Small things that the rest of us can take for granted can make all the difference, for good or ill. That is why we have introduced resettlement passports, set up ahead of release, to bring together the essentials that offenders need in one place: bank accounts, CVs and the identification people need to prove the right to work and to rent a flat. We have also supported the Offenders (Day of Release from Detention) Act 2023, which recently received Royal Assent, having started out as a private Member’s Bill. It will enable offenders at risk of reoffending to be released up to two days earlier, to avoid what can be the hectic rush of trying to get round different services on a Friday.

My hon. Friend the Member for Bromley and Chislehurst asked specifically about magistrates’ sentencing powers. Given the time, I should not talk about that in great detail now. We have had a chance to talk about it in the Select Committee. On his specific question about working with the judiciary, we are working with the Judicial Office as part of the review we are undertaking on the changes and plan to engage magistrates on it. We should have completed that review by the autumn.

My hon. Friend and others rightly asked about capacity, the role of Operation Safeguard and other shorter-term capacity measures, as well as the longer-term capital programme. Since October 2022, we have seen an acute and exceptional rise in the prison population. Operation Safeguard is a temporary measure to provide a short-term solution to that acute rise in demand. He asked how much of that capacity has been used. The answer is that it goes up and down; it is a facility to be drawn on as needed. The average over the period is really quite low, but there are days when its usage is greater. Standing it up has provided us with vital extra short-term resilience as we develop further that longer-term capital programme.

As of April, we had invested £1.3 billion in capital towards the delivery of the 20,000 additional, modern prison places to which my hon. Friend referred. By the end of June, about 5,400 of those places had been added to the estate. That includes the two new 1,700-place prisons, HMPs Five Wells and Fosse Way, with the latter having accepted its first prisoners at the end of May.

Photo of Bob Neill Bob Neill Chair, Justice Committee, Chair, Justice Committee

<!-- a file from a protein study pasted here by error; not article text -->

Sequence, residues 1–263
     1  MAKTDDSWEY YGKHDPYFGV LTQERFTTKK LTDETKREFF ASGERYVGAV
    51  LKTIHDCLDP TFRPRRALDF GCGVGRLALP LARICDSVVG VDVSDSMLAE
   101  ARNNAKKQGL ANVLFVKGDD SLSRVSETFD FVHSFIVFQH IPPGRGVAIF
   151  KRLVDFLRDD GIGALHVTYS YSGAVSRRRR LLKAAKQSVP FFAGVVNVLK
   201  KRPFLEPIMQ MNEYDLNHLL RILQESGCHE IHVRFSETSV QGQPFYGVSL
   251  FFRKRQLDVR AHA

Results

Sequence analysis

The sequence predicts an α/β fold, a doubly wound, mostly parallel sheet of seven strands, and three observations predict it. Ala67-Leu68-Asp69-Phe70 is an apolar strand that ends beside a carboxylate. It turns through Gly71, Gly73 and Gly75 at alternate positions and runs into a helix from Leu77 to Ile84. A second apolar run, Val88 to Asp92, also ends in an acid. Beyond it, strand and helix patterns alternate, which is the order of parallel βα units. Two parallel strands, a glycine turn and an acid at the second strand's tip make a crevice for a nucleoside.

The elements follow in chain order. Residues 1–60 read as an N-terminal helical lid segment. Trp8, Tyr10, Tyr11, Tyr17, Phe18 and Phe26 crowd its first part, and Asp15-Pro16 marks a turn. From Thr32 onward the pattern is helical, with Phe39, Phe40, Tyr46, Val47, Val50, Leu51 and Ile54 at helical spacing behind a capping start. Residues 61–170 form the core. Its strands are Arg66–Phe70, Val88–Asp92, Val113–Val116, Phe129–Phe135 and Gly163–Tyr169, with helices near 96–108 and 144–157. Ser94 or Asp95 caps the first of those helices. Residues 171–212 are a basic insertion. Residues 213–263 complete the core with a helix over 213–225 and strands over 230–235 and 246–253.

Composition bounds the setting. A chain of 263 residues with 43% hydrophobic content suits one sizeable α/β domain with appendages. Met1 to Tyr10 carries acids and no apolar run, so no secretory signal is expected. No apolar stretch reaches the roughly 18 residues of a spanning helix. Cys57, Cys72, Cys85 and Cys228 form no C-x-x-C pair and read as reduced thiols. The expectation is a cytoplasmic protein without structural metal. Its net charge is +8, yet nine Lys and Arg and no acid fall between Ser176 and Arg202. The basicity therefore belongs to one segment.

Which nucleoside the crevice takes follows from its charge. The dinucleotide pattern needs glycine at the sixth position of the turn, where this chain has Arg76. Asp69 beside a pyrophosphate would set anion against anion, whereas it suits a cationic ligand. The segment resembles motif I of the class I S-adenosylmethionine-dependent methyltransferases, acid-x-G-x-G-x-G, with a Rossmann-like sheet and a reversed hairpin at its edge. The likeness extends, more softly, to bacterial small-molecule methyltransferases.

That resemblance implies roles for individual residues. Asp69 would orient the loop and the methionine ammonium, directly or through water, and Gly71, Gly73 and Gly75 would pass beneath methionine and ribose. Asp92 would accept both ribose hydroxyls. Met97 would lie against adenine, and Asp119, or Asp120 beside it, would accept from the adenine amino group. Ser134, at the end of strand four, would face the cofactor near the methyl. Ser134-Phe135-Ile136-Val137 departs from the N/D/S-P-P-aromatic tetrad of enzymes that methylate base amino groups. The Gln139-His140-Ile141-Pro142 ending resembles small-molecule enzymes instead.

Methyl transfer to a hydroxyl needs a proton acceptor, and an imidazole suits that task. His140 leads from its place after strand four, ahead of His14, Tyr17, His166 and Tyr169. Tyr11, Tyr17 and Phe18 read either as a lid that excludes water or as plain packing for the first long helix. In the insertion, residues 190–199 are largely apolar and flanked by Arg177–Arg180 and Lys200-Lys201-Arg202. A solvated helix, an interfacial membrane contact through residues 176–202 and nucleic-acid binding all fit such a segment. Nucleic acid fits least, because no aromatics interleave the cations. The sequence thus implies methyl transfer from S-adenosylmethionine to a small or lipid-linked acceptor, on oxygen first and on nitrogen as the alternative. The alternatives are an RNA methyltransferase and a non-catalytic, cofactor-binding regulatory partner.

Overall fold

I am grateful to the Minister for that update. Those who have been to Five Wells and Fosse Way recognise what an advance they are in design and facilities. Will he give us a specific update on where we are in the stalled planning process on the other three prisons, which are still stuck in the system? When are we likely to get those moving forward?

Photo of Damian Hinds Damian Hinds The Minister of State, Ministry of Justice

As my hon. Friend well knows—he was previously a leading light in ministerial office, dealing with local government—we do not control the planning process. I am therefore not in a position to give him a bang-up-to-date update, except to say that those three projects remain part of our plan. Overall, this is a complex capital programme and we need to deal with external factors, including working through the planning process.

Photo of Bob Neill Bob Neill Chair, Justice Committee, Chair, Justice Committee

Perhaps the Minister could write to me and the Select Committee to set out where we are with those projects. Have they gone to appeal yet? If so, has any indication been given as to when the hearings will take place?

Photo of Damian Hinds Damian Hinds The Minister of State, Ministry of Justice

Of course, I will be delighted to correspond in that way with my hon. Friend.

We are also rolling out 1,000 rapid deployment cells across the estate. The first three sites, HMPs Norwich, Wymott and Hollesley Bay, are now accepting prisoners, and the majority of the 1,000 additional places will be delivered this year. We are undertaking major refurbishments at sites including HMPs Birmingham, Liverpool and Norwich, delivering about 800 cells between them. The wing-by-wing refurbishment at HMP Liverpool will see every cell renovated. Construction has also started on new house blocks at HMPs Stocken, Hatfield, Sudbury and Rye Hill, which will add around 850 places between them. HMP Millsike, the new prison of some 1,500 places by HMP Full Sutton, will open in 2025. Our new prisons have a laser-sharp focus on rehabilitation, with workshops and cutting-edge technology that puts education, training and jobs front and centre, so every prisoner gets the right opportunity to turn over a new leaf.

Like many, or most, workforces, the Prison Service has experienced recruitment and retention challenges at a time of very low unemployment. Ensuring our services are sufficiently resourced and that we retain levels of experience are fundamental for delivering quality outcomes. That is why we are targeting the drivers of staff attrition and taking steps to improve recruitment, alongside a wider agenda of development in the workforce.

We welcome the Justice Committee’s important inquiry into the prison operational workforce and we have worked closely with the Committee to provide evidence. We are now closely considering the survey of prison staff, and I reaffirm that we take the issues of the morale and safety of staff with the greatest gravity. Prison staff do incredible work and, so often, are the hidden heroes of our justice system and society. In every prison I have visited, their dedication and drive are clear to see.